Writing

handsSometimes I don’t really know what to write, and then I think oh, you shouldn’t write for the sake of writing, you should write because–because you’re trying to write something. Because you’re trying to convey something. Because there’s a story you have to tell, a thought to flesh out, a destination to get to. You’re driving your point home.

But I don’t always have a point or a story or destination. And then I remember how I used to squirrel away hours just stabbing down words, stringing together sentences, writing whatever I wanted just because. Because it was fun and it made me happy and I didn’t really care if people read it or loved it or hated it. It was like rubbing on unscented lotion. It’s therapeutic, no one really knows you’re wearing it, and it’s something you do for yourself. You’re not trying to leave behind little scent fragments of yourself. You’re just doin’ you.

And I like how writing’s an avenue to sort things out. It’s like talking through a problem, but writing through ideas instead. I’ll start off with a nebulous idea of what I’m going for, or something I’m trying to get out and by the end of, oh, five or ten pages, I’ll have come to some conclusion. That, or at least have reached greater clarity on something than I would’ve if I hadn’t written it at all. Thinking is thinking: chaotic and constant. Feeling is feeling: sometimes uncontrollable and inexplicable and discomforting. Writing’s sorting through that. If my head were a tree raining varied thought-leaves, then writing’s my little rake.

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August 2018 | Daily Art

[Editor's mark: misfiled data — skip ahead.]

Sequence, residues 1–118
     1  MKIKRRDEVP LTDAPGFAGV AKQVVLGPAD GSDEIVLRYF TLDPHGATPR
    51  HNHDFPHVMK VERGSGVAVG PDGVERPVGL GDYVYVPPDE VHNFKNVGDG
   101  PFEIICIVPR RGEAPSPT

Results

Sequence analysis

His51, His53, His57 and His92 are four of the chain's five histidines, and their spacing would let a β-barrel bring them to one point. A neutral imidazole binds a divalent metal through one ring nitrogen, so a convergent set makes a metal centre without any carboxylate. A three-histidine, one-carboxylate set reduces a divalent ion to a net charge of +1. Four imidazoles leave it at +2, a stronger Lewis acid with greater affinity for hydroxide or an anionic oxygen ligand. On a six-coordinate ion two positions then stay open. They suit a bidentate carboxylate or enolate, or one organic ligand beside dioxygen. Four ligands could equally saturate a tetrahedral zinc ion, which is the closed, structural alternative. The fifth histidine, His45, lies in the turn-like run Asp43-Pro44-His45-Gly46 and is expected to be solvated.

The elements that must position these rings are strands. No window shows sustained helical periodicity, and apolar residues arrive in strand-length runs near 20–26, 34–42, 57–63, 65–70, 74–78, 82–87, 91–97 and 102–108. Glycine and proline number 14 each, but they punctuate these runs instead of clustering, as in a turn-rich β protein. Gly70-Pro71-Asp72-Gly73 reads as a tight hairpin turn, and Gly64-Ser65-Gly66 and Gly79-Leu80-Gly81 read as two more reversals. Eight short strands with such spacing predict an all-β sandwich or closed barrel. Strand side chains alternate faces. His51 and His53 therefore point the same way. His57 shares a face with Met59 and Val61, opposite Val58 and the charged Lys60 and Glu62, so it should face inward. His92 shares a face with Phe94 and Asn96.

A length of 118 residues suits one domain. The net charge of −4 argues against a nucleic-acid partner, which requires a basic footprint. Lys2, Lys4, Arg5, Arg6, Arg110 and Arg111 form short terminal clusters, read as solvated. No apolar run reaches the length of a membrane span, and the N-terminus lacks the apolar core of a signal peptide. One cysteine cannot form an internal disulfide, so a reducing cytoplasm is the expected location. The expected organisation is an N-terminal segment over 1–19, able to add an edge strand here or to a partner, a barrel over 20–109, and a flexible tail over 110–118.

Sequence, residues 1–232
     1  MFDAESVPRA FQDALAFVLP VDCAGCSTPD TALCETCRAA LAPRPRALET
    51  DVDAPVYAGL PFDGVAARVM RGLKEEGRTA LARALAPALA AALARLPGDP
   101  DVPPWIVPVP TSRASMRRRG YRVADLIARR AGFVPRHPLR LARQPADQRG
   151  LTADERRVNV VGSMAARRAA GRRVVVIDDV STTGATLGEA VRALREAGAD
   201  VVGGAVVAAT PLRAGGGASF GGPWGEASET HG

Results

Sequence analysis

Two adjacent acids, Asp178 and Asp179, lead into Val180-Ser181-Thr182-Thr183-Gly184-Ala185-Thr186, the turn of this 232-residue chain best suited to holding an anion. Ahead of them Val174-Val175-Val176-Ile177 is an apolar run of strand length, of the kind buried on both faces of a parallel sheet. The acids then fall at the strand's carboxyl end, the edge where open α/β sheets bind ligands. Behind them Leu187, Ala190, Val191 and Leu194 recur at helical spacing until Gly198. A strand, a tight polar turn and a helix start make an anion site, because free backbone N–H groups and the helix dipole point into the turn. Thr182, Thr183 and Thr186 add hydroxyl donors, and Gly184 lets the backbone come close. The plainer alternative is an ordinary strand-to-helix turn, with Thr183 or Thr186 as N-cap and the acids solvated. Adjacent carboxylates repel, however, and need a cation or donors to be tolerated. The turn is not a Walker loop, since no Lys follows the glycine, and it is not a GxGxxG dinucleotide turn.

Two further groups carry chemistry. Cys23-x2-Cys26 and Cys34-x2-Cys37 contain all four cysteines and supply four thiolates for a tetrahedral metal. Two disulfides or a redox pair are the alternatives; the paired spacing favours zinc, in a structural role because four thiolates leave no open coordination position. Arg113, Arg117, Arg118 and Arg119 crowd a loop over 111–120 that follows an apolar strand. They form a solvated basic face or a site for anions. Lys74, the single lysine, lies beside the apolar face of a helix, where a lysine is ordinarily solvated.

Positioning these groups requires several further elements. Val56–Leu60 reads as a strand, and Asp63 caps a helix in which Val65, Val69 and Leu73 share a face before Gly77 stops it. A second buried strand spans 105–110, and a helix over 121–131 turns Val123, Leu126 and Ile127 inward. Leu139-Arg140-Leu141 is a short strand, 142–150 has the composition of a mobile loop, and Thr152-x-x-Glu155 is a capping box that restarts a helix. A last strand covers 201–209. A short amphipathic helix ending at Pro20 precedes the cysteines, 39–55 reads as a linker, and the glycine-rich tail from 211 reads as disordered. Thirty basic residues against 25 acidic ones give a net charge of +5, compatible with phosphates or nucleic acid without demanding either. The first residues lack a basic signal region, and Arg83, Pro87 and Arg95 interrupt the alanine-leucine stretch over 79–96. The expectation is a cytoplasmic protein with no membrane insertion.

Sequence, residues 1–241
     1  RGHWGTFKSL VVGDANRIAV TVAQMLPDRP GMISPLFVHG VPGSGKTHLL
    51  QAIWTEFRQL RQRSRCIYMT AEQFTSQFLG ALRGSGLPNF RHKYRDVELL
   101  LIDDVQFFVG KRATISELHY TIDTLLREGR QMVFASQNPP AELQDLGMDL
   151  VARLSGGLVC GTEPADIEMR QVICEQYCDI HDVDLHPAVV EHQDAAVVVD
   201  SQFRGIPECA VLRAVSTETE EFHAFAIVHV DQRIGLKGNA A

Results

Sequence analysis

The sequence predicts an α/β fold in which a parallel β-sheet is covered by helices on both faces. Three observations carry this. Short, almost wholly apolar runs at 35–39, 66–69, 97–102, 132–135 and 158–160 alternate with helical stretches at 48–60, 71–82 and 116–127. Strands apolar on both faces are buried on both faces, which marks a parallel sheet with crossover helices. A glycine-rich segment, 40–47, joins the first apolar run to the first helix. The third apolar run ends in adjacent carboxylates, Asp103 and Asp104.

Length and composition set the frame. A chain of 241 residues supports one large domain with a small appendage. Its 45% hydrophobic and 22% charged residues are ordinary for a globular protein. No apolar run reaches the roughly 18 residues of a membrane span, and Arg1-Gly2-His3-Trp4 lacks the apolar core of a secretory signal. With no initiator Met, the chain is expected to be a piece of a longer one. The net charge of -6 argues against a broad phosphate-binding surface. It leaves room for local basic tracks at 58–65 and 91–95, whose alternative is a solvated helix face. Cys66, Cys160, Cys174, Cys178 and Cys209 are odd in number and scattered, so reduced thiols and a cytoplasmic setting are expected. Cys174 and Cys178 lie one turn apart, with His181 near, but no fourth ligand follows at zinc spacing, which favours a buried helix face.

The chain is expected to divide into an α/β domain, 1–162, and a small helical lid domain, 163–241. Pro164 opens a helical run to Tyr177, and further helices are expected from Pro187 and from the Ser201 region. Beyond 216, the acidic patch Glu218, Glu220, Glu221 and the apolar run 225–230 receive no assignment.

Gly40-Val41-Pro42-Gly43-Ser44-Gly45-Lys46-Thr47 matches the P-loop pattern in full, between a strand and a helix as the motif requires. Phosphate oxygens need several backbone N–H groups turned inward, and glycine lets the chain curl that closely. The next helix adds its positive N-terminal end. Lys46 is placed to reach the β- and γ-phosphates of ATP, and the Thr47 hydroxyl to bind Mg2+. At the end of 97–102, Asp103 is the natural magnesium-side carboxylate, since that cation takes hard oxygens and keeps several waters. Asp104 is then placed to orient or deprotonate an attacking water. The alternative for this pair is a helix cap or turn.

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Mountainscape

8.5.18 – 8.13.18

 

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Somewhere in Greece, a piece I worked on last week. 😎 Not sure if this defies the rules of #dailyart, but in lieu of drawing something small every 7 days, I worked on this larger piece….every day.

The purpose of this art project was to push me to make art consistently, even if I didn’t want to. on the upside, I’ve been churning pieces out! On the downside, sometimes they’re of subpar quality. Stumbling upon older, more elaborate paintings hammered in this realization.

For the next few weeks, I’m going to try & devote more time to fewer, but more detailed, pieces, and to work on them every day.

7.30.18 – 8.4.18

Series of Fun Dates | Photo Diary

Everything’s been a blur of work, dates, work and rest lately.

I perused through some photos to see, exactly, what I’ve been up to the past few weeks. They’ve been dotted with a series of fun dates with the boyfriend–visits to the art museum, walks around hipster district, strolls around the lake, movies and dinner, etc.

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Our first trip into the city. We stopped by for grilled cheese sandwiches and bruschetta, then strolled around the shops and homes. I got my art fix at the hipster-y district, which housed some small galleries.